Earlier this week I spoke to a women's networking group, here in Atlanta, about how women succeed in male-dominated industries, using my experience as an entrepreneur in both wine and technology as the basis for the conversation.
(Best part: We poured wine! We used five examples of women-led wines to illustrate the theme even further. The wines came from Nathalie Gruet in New Mexico, Barbara Banke, Cynthia Lohr, Marilisa Allegrini and Sarah Cabot in Oregon.)
I focused on four takeaways during my talk that, in my experience, help me to succeed: credibility, publicly boosting colleagues, leveraging our networks, and gratitude. Today I'd like to linger a bit longer on the practice of gratitude.
A few years ago I committed to taking time, once a day, to list the things I was grateful for. It changed from day to day. One day the best I could do was to be grateful for the yellow flowers on the side of the road. Another day I was grateful for a new assignment, or a new client. Other days I was grateful for food on the table and healthy children who ate it.
I did this for a year, and I kept a blog about it so I could page back through. A few months in, I started to notice some things shifting, as I got into the practice of saying "I am grateful for..."
I noticed that there is always something to be grateful for. I could always find something, which led to something else, which led to something else. The snowball effect of that has lifted me out of sour moods, and it has prevented me from dipping into those sour moods in the first place.
Gratitude has become, then, an important tool in my professional life. I reach for it on the days when it's a challenge to start, when inspiration for a writing project is elusive, and when I'm just not sure I could make one more presentation. I reach for the tool of gratitude, and it inevitably pushes me over the hump.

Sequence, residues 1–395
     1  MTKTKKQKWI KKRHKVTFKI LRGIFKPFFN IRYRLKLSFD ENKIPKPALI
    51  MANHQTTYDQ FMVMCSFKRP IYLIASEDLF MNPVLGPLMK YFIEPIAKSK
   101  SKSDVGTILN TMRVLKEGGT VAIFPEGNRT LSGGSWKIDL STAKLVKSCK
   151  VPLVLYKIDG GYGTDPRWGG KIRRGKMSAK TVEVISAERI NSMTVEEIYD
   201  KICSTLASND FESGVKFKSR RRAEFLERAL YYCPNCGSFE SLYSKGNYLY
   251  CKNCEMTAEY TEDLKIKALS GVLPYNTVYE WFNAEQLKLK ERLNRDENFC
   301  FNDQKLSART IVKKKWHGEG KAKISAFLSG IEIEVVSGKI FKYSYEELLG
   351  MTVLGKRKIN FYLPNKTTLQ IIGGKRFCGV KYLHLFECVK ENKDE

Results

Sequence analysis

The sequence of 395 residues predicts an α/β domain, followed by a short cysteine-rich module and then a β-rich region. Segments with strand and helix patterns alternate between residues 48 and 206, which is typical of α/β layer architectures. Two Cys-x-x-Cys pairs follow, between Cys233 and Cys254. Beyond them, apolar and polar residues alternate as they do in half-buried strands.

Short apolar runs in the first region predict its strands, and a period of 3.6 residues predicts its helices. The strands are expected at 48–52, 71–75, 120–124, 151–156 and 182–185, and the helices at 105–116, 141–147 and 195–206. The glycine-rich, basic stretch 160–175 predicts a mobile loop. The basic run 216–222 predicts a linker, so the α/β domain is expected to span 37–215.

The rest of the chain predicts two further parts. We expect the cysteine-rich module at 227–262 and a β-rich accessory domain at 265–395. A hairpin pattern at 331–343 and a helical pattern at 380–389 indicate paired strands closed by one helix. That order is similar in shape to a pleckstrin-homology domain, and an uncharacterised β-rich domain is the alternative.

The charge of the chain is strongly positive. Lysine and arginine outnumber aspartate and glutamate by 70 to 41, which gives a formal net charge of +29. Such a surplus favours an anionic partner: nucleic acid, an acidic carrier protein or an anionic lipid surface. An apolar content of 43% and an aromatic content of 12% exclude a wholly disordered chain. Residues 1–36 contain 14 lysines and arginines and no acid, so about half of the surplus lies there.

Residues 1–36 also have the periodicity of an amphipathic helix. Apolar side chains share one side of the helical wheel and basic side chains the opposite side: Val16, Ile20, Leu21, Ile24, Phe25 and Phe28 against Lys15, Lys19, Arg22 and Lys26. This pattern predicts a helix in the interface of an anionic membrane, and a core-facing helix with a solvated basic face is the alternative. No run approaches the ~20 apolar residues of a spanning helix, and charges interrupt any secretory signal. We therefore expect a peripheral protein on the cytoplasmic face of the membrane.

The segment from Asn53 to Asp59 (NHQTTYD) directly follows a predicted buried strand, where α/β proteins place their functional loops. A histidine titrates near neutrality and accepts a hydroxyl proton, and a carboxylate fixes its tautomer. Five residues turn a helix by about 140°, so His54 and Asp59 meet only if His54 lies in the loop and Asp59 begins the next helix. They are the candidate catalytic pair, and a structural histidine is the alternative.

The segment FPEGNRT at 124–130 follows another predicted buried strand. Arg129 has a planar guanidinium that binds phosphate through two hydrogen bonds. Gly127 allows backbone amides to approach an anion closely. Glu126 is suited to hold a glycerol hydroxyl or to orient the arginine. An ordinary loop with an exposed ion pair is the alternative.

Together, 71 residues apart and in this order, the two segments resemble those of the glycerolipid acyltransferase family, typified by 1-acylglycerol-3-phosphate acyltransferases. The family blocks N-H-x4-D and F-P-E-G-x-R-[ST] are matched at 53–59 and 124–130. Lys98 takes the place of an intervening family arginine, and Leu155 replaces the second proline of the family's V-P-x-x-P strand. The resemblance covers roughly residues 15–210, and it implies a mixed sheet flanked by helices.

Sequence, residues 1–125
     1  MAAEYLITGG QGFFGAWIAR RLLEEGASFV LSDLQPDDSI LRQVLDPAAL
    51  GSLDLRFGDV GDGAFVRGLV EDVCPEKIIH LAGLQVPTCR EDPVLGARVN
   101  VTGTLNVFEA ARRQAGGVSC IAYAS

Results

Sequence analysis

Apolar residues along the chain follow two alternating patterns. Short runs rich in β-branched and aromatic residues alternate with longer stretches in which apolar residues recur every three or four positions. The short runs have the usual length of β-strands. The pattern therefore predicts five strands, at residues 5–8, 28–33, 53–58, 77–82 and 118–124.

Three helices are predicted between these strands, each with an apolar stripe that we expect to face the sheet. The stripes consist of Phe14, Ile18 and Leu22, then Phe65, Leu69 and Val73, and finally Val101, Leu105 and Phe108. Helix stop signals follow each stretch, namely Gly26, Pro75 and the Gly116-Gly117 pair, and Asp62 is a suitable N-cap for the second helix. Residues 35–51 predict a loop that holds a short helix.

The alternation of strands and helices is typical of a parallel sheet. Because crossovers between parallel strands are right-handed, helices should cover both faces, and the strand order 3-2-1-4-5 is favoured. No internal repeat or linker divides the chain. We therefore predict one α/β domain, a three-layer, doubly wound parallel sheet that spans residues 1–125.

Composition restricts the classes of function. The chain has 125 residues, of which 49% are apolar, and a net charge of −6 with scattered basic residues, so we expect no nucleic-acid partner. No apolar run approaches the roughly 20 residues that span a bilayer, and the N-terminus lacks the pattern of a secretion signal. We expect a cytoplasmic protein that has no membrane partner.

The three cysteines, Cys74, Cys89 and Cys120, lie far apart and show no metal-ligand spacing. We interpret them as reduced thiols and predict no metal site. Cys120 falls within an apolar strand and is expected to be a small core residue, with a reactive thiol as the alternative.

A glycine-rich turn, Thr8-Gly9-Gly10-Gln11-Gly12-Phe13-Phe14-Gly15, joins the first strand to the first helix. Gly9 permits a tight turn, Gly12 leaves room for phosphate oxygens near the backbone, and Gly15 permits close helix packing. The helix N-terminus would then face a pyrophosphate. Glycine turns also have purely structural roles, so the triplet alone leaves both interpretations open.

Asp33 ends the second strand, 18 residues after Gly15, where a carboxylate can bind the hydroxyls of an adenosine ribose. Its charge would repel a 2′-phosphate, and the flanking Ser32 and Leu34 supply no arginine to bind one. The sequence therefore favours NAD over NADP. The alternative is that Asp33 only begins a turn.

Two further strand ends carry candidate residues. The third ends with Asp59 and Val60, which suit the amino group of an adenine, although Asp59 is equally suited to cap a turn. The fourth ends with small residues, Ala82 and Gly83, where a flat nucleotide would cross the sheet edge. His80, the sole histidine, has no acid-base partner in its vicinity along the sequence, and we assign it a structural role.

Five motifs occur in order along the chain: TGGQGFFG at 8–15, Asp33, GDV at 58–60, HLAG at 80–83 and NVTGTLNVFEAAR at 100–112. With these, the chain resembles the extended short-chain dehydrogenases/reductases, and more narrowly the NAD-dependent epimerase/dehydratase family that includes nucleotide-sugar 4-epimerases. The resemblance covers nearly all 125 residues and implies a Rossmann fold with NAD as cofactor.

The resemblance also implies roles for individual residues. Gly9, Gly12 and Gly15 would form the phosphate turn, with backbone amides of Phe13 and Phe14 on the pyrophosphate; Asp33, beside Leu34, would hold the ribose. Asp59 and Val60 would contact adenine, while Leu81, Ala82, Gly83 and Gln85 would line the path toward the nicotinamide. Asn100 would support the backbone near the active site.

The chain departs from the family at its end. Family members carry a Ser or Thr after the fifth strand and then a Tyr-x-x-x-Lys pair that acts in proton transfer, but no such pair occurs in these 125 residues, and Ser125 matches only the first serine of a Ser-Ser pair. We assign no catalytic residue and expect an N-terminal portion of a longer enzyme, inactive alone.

Here's how it looks in each of those situations:
- When it's a challenge to start: I am grateful for this work in wine. I am grateful that every day I get to do something different and challenging. I am grateful that my work involves the pleasure of drinking wine, which makes me happy.
- When inspiration for a writing project is elusive: I am grateful to be a writer. I am grateful that words are my means of expression. I am grateful that I can start this project humbly, and trust the process to take it where it needs to go. I am grateful for the writing prompt of, What does this article want to BE?
- When I'm not sure I could make one more presentation: I am grateful for the people who want to hear this presentation. I am grateful for their time, and I am grateful for the opportunity to share our work with them. I am grateful for my team, and for the desire to showcase their skills.
That's how practicing gratitude impacts my professional life. I'd love to hear your versions and twists on this! How do you put gratitude to work for you?
PS The blog of this series is up over on Beck's website, for your convenience and to revisit at your own pace. Enjoy!